Are you under contract to do the whole BooKoo series?
No, at first we were doing it to see if we could just find a ride and nothing really came up. A couple of people have gotten picked up, though. Like Damien Plotts, I was beating him all the time but he got picked up by Babbitt’s, and I was like, What’s going on? I’m beating these guys and they’re getting picked up! They’re all good riders, but I feel like I’m getting robbed. Maybe people don’t like me or something, I don’t know what’s going on! But I don’t have any contracts right now, just from my sponsors. And my agent, Danny Rubio, he’s helped out a lot by getting me sponsors like contingency with AXO and stuff like that.
After AX, Dennis Jonon will be racing the 2006 Eastern Regional Lites class
Actually I just bought two Suzukis today, a 450 and a 250.
Why the change?
Well, I’ve been on Kawasakis ever since I started riding and we just didn’t have any support. I’ve been racing the BooKoo series with my race bikes from Loretta’s last year, and they were 2005s. I just had no support from Kawasaki and there weren’t any shops that could do anything. But ever since I’ve moved here to Kansas, there has been a Suzuki shop here called Olathe Suzuki that has been interested in sponsoring me, and they offered me better support than any other Kawi dealers.
You were a Team Green rider in the past, right?
Yeah. They just didn’t want me riding an pro events, they wanted me to ride only amateur stuff. They didn’t like me doing the BooKoo stuff, so they dropped me.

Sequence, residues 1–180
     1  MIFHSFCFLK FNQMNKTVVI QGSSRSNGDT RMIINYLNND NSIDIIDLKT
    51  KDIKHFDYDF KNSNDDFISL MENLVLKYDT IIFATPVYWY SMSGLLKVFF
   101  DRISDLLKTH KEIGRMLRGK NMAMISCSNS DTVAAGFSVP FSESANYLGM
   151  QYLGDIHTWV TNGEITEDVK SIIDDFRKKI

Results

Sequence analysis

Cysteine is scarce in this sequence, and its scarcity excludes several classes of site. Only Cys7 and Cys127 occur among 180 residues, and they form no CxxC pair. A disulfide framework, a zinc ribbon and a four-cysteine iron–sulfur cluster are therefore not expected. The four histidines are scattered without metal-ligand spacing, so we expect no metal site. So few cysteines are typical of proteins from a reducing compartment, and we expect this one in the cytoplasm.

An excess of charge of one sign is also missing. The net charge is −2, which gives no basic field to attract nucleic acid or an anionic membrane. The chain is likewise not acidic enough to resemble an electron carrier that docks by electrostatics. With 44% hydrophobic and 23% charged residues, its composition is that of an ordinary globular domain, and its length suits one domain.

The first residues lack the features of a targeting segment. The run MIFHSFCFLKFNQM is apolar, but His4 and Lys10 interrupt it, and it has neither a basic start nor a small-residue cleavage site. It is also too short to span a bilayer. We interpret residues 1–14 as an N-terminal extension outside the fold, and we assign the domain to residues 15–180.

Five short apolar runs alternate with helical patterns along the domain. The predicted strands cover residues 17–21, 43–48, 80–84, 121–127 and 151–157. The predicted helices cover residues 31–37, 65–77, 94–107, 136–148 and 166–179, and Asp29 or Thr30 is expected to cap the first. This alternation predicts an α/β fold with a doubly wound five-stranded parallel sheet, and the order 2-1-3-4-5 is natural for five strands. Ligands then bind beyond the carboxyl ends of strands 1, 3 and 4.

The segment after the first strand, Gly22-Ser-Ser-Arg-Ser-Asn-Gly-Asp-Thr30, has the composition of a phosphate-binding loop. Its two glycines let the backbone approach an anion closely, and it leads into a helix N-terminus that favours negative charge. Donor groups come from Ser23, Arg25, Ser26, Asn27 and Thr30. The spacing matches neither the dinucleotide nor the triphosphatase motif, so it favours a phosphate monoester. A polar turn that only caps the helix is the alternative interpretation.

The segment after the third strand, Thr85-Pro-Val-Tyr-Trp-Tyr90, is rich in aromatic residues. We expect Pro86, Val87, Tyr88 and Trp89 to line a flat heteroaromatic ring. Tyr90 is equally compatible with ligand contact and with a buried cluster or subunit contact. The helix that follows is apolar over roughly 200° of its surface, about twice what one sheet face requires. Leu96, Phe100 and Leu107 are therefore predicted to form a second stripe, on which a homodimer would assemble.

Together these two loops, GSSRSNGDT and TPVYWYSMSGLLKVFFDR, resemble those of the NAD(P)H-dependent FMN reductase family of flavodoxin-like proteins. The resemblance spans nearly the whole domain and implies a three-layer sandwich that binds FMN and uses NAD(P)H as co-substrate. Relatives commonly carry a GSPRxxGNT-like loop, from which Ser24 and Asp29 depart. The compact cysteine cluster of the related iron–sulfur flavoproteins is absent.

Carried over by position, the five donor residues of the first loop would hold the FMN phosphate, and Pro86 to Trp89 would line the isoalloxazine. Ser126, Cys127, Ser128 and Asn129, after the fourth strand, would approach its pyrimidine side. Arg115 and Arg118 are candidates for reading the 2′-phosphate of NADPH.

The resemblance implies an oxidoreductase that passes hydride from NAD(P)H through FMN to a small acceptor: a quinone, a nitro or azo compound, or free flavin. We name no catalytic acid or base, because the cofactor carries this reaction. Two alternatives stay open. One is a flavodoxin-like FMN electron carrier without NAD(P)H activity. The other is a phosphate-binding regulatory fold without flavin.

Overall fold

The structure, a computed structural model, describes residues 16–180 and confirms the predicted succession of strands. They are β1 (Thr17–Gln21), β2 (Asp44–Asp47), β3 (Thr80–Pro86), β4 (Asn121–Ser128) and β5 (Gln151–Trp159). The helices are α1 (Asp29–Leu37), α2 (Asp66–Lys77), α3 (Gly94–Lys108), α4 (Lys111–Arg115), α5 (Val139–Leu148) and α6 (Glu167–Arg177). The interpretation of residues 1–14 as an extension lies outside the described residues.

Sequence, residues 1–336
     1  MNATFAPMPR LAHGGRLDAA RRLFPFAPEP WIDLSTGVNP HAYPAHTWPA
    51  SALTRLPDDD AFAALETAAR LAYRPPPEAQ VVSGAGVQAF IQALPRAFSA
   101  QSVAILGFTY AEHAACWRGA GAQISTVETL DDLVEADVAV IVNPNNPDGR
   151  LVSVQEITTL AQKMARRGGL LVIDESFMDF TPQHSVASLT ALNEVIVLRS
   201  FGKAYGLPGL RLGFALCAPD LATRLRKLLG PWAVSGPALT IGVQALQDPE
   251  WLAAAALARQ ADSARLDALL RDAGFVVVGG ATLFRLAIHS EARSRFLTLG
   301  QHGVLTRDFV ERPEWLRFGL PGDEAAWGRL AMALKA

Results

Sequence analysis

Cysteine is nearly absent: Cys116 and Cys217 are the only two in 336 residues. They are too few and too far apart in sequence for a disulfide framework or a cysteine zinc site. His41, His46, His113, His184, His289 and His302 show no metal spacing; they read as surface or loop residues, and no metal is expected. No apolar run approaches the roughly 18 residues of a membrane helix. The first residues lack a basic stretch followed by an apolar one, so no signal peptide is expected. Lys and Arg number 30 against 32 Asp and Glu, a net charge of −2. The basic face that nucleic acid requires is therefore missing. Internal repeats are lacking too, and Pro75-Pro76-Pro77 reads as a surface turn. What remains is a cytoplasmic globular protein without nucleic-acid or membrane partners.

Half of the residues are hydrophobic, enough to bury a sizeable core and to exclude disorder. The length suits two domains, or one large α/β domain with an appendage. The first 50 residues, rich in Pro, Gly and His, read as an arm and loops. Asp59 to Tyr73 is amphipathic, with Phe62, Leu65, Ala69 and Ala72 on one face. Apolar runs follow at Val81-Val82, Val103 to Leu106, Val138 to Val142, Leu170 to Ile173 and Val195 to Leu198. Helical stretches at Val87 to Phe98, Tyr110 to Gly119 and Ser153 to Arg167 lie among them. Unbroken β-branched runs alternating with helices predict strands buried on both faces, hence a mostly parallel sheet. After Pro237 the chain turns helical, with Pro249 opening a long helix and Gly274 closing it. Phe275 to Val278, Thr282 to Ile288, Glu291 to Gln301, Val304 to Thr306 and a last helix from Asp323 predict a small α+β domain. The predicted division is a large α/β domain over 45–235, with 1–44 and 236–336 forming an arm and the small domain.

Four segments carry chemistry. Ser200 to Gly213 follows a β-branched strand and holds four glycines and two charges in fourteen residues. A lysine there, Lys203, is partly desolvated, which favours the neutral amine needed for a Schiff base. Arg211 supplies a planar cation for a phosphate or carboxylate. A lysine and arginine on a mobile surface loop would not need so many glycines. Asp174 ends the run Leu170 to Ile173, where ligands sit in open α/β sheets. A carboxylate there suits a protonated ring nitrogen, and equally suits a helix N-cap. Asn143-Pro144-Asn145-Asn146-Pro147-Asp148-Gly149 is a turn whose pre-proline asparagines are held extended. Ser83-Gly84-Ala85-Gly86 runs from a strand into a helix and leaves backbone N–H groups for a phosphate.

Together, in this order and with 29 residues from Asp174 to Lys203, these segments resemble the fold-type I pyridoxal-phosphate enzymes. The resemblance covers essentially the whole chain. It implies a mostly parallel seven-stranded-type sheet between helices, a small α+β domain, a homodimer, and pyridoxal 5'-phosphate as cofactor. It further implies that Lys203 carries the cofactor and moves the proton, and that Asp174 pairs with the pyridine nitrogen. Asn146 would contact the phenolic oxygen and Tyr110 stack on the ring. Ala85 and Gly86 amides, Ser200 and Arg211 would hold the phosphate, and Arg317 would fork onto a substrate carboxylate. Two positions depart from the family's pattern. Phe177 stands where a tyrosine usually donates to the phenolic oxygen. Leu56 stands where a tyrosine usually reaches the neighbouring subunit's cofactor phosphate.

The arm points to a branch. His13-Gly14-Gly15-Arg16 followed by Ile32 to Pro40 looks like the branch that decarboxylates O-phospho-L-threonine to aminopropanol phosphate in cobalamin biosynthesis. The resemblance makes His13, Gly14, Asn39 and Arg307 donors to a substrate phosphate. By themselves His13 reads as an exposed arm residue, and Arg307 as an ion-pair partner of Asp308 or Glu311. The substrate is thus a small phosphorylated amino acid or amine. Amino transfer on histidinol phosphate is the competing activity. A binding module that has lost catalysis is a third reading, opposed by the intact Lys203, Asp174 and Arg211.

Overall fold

So are you excited to riding yellow?
Yeah, I am. The 450 is in the shop and they sent my suspension out to Pro Circuit. And I actually didn’t know if I was going to get an RM-Z250, but they found one and I’m getting it worked on this week.
Briefly tell us about your amateur career. Do you have any championships?
I have a few from the amateur open and Branson, but I have a lot of seconds behind Alessi. For, like, three years I’ve finished second behind Alessi.
Well, look how well he’s doing now in the pro ranks. You can be up there this year.
Yeah, I want to do East Coast supercross, but we don’t know if we’re going to be able to afford going to all of them. So I’d like to at least race St. Louis, since it’s only a couple hours from my house. And I want to do some outdoor nationals this year. I think what Alessi did his first year was good, doing the nationals first because that’s what we grew up doing. So I think that would be the best thing. Hopefully by that time I’ll be living in California. I don’t know how yet. I guess I’ve got to start making some money.
Are you in high school?
I’m home-schooled right now, but I’m in 12th grade.
It seems like you’re on Mototalk quite a bit.
Yeah, there’s nothing to do in Kansas, so when I’m not riding, I’m on the internet, just because I live in a town with 2,000 people.
Who’s your mechanic?
My dad is. I really have to thank my parents for helping me out with everything.
What’s your goal for the rest of the season, Dennis?
I want to get some podiums. I also want to start making the main straight out of the qualifier. It seems like I’ve been racing every race of the night.
Well, that’s it, Dennis. Good luck with the rest of the season, and I wish you luck in getting a ride.
Thanks a lot, Billy. I appreciate it.